Vienna Blood is set in Vienna, Austria at the turn of the century - what made you choose Vienna as the setting for the story?
Frank Tallis: Vienna - around 1900 - was an extremely exciting place. Revolutionary ideas were emerging in all areas of human endeavour: Art, literature, philosophy, science, and most notably, psychiatry. One could also argue that Vienna in 1900 was the birthplace of modernism. Psychoanalytic thinking was an essential ingredient of this ‘modern’ outlook. It has shaped how we understand ourselves and our relationships. You may not consider yourself a Freudian, but you certainly think like one. You probably accept that parts of your mind function unconsciously, acknowledge Freudian ‘slips’ and use words like ‘defensive’. W.H Auden recognized this extraordinary depth of cultural penetration when he wrote, after Freud’s death in 1939, that he - Freud - is "no more a person now, but a whole climate of opinion.”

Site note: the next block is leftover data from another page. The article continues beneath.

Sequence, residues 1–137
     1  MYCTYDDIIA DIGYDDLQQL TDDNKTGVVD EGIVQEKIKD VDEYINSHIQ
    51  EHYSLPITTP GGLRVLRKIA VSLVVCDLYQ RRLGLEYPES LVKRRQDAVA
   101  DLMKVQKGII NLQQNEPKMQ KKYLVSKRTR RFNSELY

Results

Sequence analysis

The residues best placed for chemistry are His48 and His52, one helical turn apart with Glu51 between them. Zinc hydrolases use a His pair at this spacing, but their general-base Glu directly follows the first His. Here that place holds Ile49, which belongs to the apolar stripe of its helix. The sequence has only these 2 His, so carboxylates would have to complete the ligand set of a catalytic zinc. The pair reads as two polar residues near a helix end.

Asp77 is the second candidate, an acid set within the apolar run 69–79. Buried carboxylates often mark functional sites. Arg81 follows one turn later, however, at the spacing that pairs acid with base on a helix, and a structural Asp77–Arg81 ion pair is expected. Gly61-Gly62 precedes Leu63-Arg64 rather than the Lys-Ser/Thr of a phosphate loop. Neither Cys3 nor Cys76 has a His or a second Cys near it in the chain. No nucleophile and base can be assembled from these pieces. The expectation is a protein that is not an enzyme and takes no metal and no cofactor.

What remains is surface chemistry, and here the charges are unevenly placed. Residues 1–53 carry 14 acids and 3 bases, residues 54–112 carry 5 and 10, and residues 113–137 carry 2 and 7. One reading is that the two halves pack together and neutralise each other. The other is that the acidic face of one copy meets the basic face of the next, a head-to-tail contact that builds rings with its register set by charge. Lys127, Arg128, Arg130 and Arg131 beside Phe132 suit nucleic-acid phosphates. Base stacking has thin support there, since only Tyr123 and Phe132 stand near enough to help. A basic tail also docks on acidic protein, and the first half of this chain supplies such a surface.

The Liebermann novels have been translated into fourteen languages. Why do you think the Liebermann books hold such international appeal to readers?
Frank Tallis: Crime writing has always been popular. But when I’ve gone on book tours and talked to readers in countries like France or Germany, many of them seem to really like the psychoanalysis. On reflection, this isn’t very surprising. Psychoanalysis and crime investigation have much in common. Clues are like symptoms, and the detective is like a psychoanalyst, attempting to make connections in order to find an ultimate cause. A perpetrator is as elusive as a repressed, unconscious memory. Freud was very aware that psychoanalysis and police detection are close cousins. In fact, he pointed this out in one of his lectures. It is also interesting that Freud was a great fan of detective fiction. One of his patients (known as The Wolfman) wrote a memoir and in it he reveals that Freud - who we usually think of as a reader of Sophocles and Dostoevsky - was a great fan of Sherlock Holmes!